October 25, 2016

Clinton doubts Trump ‘groping’ apology

Hillary Clinton

Hillary Clinton has cast doubt on Donald Trump’s apology for remarks made 11 years ago about groping women, which he has described as “locker-room talk”.
The Democratic nominee tweeted that if her Republican rival stood by this assertion he was “clearly not sorry”.
The tweet came as Mr Trump’s running mate Mike Pence said he would stand by him despite an outcry over the remarks.
In Sunday’s presidential debate Mr Trump responded to the furore, denying he had groped anyone.
He also turned his fire on Mrs Clinton’s husband ex-President Bill Clinton, who he described as “abusive to women”, but she refused to address his comments.
A 2005 video released on Friday revealed Mr Trump describing how he had sought to have sex with a married woman and making obscene comments about women.
At least 33 senior Republicans – including senators, members of Congress, and state governors – have withdrawn their support since the video surfaced on Friday.
‘Showed his heart’
Mr Trump apologised for the remarks, and when pressed during the debate on whether he had engaged in sexual misconduct, he denied doing so.
But Mrs Clinton said his explanation that these were words not actions did not amount to an apology.
“If Trump stands by what he said about women as “locker room talk,” he’s clearly not sorry,” she tweeted.
Meanwhile Mr Pence praised Mr Trump’s honesty.
“I think last night he showed his heart to the American people. He said he apologised to his family, apologised to the American people, that he was embarrassed by it,” he told the reporter on Monday.
Earlier Mr Pence had described the remarks as indefensible.
The vice-presidential candidate said he was “honoured to stand with” Mr Trump and denied he had considered withdrawing from the race.
“It’s absolutely false to suggest that at any point in time we considered dropping off this ticket,” he said.
What were the main points of the debate?
When moderator Anderson Cooper asked about the video, Mr Trump denied ever sexually assaulting women, dismissing the remarks as “just words”. Instead he focused on Bill Clinton’s indiscretions.
Mrs Clinton said the explosive video “represents exactly who he is”.
“With prior Republican nominees, I disagreed with them,” she added, “but I never questioned their fitness to serve.”
Mr Trump said if he won, he would appoint a special prosecutor to investigate Mrs Clinton and she would be in prison over her private email arrangements.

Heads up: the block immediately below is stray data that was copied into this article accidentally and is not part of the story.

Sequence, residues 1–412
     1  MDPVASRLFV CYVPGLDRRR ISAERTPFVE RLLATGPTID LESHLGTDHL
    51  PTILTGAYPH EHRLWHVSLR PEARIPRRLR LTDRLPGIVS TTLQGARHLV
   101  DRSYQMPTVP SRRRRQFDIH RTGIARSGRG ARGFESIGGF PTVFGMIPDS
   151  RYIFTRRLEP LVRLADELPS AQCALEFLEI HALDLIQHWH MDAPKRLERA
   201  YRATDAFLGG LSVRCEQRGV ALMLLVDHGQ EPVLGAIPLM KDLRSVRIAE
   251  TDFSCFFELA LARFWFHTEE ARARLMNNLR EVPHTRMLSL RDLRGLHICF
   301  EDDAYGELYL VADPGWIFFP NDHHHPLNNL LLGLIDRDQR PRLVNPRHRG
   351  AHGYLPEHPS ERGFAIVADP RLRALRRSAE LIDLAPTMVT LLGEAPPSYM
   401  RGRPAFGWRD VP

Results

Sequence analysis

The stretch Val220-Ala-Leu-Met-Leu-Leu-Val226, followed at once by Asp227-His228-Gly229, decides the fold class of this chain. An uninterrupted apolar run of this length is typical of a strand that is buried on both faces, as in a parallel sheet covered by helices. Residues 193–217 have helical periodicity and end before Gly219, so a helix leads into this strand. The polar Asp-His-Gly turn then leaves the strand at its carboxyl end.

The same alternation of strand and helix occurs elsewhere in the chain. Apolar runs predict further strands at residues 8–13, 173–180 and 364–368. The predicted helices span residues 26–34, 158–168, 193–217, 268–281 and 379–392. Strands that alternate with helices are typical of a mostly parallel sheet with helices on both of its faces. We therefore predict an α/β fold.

“Everything he just said is absolutely false but I’m not surprised,” she responded. “It’s just awfully good that someone with the temperament of Donald Trump is not in charge of the law in our country.”
“Because you’d be in jail,” he interrupted.
Mr Trump also said his Democratic rival “has tremendous hate in her heart” while criticising her for referring to his supporters as “deplorables”.
Mrs Clinton said she apologised for the comment, adding: “My argument is not with his supporters, it’s with him, about the hateful and divisive campaign he has run.”
The two also sparred on the conflict in Syria, Russian aggression, Trump’s refusal to release his tax returns and his plan for the “extreme vetting” of immigrants arriving from countries with links to terrorism.
The evening concluded when an audience member asked the candidates to say one positive thing about each other.
Mrs Clinton said his children were a great reflection of him while Mr Trump called his opponent “a fighter” who never gives up.
An hour before the debate began, Mr Trump appeared at a news conference with women who accused Bill Clinton of sexual misconduct.
He joined three women who allege the former president sexually assaulted them and called the women “very courageous”.
So who are the women?
Mr Trump appeared with Paula Jones, a former Arkansas state employee who settled a sexual harassment suit against Mr Clinton for $850,000 in 1999 with no admission of guilt.
Juanita Broaddrick, who claimed Mr Clinton raped her in a hotel room in 1978, also appeared with Mr Trump.
Mr Clinton has denied the claim through his lawyer and no charges have ever been brought against him.
The third woman was Kathleen Willey, a former White House aide who said Mr Clinton groped her in his office in 1993, but had previously said it never happened.
Mr Clinton has also denied this claim.
Kathy Shelton, a fourth woman who spoke, encountered Mrs Clinton in a criminal case when she was 12 years old.
Early in Mrs Clinton’s legal career, she was appointed to defend Ms Shelton’s rapist, despite objections, and had his sentence reduced to a lesser charge.
Years later, an audio tape emerged of Mrs Clinton speaking with a reporter, in which she can be heard laughing about the case.
During one instance, she laughed after explaining that her client had passed a lie detector test, which convinced her to never trust them again.

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